From NBER, research suggests welfare reform has led to more work but less education, and a look at how changes in Social Security have affected retirement. Zac Bissonnette on why college is a waste of money. From Forbes, a writer and reader on why book publishers fail. Making books: A veteran editor offers a year-end report on the mood in the book publishing industry. Three new books offer competing versions of J.F.K.'s assassination. Le Grand Old Party? What the Republicans can learn from France's Socialist Party. God must have parachuted him to Earth: These days Lech Wałesa is a non-person even if his face pops up on television from time to time. Plato was a backpacker: Frank Bures looks a long way back to fellow traveler Plato and the seeds of wisdom. More on Rose George’s The Big Necessity: The Unmentionable World of Human Waste and Why It Matters. More on 2666 by Roberto Bolano. The Real Community Organizer: Craig Newmark on Craigslist, libertarianism, online democracy, and nerd values. Footprint of the Fittest: Can we identify how cultures evolve — and if so, can we change our collective course for the good of the planet? Satirists thick and thin: From Juvenal to Armando Iannucci, satire is an ancient and necessary art. As 2008 turns to 2009 at the end of this month, an extra second will be added to every clock — but who decides exactly what time it is?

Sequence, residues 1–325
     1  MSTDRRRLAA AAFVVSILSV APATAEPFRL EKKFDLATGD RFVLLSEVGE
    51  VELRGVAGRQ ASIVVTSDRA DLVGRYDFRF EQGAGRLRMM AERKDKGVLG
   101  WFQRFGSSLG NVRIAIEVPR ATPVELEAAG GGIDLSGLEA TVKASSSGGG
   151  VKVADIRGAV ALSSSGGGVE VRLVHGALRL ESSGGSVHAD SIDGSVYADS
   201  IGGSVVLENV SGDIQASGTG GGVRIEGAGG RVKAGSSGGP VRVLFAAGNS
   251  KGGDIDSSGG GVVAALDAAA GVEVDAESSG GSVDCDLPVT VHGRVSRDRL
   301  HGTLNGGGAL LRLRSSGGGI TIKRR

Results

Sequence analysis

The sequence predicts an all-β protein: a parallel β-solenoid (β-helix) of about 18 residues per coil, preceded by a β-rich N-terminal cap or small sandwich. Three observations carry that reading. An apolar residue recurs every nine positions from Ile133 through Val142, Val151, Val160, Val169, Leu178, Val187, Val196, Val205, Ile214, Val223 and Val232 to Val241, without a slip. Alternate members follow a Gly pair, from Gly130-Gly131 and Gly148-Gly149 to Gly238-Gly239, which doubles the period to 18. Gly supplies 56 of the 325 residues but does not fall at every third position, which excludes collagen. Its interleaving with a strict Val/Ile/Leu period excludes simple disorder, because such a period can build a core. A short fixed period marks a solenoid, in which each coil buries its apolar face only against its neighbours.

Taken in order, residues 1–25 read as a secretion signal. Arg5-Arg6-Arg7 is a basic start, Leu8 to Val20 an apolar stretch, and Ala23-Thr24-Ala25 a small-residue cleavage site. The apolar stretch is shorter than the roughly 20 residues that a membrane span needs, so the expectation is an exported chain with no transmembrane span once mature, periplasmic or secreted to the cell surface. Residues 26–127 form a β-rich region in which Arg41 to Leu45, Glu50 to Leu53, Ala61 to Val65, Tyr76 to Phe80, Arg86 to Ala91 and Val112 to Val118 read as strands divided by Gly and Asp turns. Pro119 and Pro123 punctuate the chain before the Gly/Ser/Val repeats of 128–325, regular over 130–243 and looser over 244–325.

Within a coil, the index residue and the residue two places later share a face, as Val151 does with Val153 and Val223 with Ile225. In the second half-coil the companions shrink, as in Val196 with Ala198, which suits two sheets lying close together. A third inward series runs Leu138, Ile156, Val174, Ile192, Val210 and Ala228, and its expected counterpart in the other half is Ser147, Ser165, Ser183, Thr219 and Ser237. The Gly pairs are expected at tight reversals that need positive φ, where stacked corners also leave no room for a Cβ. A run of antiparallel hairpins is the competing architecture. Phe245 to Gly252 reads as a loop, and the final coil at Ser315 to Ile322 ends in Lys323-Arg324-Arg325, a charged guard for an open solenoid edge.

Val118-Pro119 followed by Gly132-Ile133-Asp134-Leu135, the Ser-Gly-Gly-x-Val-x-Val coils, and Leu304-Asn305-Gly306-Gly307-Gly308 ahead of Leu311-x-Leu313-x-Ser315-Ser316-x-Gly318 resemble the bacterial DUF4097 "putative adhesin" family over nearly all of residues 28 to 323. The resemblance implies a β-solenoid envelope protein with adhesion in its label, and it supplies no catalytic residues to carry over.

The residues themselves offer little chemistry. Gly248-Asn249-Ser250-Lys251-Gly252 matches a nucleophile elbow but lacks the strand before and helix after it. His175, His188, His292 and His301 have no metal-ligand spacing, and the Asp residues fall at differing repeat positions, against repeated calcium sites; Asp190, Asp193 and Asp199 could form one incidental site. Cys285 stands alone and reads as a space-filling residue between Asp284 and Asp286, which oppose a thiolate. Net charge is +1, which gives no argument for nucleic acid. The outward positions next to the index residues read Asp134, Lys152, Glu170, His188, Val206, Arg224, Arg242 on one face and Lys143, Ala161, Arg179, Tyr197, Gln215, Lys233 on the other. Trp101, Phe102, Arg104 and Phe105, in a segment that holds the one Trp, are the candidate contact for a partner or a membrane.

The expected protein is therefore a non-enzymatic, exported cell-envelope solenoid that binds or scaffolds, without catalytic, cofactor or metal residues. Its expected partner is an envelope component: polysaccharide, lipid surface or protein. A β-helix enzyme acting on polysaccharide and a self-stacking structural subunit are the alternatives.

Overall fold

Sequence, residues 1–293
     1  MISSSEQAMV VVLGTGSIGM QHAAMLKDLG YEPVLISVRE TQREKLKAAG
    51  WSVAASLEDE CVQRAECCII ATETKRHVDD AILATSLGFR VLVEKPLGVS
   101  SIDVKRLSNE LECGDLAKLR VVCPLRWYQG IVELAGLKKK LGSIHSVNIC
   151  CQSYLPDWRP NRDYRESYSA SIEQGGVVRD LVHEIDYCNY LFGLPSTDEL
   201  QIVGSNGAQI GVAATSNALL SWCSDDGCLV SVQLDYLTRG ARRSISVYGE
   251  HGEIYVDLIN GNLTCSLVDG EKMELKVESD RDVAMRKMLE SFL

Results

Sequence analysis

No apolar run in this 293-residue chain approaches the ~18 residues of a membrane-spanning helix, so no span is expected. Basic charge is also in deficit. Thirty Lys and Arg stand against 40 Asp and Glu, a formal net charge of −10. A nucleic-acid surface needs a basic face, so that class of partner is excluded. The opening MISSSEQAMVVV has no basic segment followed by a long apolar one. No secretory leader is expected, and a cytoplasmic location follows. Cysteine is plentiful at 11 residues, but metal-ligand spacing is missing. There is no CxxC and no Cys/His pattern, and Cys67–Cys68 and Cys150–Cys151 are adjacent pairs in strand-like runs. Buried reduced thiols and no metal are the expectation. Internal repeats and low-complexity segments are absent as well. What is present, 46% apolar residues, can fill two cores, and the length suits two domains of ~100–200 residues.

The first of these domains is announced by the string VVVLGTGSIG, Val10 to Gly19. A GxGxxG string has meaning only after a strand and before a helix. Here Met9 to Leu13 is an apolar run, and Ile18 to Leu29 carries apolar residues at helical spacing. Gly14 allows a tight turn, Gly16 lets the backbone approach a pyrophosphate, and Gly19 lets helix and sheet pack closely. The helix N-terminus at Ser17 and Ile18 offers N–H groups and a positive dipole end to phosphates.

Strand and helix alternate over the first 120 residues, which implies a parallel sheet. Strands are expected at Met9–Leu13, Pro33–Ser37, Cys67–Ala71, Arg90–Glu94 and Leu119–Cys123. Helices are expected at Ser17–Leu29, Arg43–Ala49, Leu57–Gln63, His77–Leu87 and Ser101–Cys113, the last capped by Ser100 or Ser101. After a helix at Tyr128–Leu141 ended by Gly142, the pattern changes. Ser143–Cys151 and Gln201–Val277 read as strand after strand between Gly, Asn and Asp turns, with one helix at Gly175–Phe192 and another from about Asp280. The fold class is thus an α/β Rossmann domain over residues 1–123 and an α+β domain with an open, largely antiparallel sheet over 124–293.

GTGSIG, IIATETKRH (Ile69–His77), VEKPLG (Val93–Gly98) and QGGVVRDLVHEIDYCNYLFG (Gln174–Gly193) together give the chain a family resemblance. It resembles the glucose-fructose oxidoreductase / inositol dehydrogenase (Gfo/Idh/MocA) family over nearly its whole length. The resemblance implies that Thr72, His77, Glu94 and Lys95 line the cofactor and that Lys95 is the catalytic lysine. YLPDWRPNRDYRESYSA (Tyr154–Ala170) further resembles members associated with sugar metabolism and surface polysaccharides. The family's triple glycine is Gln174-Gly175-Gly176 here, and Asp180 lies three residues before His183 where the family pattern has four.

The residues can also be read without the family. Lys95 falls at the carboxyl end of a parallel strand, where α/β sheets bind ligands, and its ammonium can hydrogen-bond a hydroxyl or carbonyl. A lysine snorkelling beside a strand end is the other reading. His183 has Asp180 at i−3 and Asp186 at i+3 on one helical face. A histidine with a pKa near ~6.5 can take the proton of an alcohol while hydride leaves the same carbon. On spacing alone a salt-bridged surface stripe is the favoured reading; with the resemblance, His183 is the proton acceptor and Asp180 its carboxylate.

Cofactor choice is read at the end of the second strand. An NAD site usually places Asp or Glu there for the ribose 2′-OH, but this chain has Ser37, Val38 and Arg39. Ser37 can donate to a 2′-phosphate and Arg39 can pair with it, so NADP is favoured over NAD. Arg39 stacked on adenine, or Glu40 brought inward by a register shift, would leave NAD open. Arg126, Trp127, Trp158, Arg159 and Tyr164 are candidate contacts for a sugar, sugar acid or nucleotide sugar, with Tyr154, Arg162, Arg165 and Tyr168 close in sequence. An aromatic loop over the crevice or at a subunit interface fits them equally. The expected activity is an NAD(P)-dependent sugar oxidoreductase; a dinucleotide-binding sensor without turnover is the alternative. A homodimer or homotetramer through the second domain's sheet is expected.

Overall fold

From Carnegie Council, a panel on Network Power: The Social Dynamics of Globalization by David Singh Grewal; and a panel on Creative Capitalism: A Conversation with Bill Gates, Warren Buffett, and Other Economic Leaders, ed. Michael Kinsley (and an interview). An excerpt from The Holocaust Is Over: We Must Rise From Its Ashes by Avraham Burg. From Newsweek, an interview on how to steal ships. Now comes a completely revised version of The Joy of Sex, written, for the first time, for women as much as for men. Future schlock: PJ O'Rourke on Disney's new, furiously unimaginative House of the Future. A review of Trouble with Strangers: A Study of Ethics by Terry Eagleton. A review of books about humanitarian intervention. A look at how the recession is good for Barack Obama's green agenda. A review of Liberty by Garrison Keillor (and more). Sex and the single cerebrum: The best smut engages the body and the mind; Nerve.com co-founder Rufus Griscom talks about controversy, confession and, of course, arousal. Abolish the Dept. of Homeland Security: Six years on, it's still a catastrophe. Here are the top twelve insights of prominent conservatives in 2008. A review of Shakespeare's Ideas: More Things in Heaven and Earth by David Bevington. A review of Marjorie Garber's Shakespeare and Modern Culture.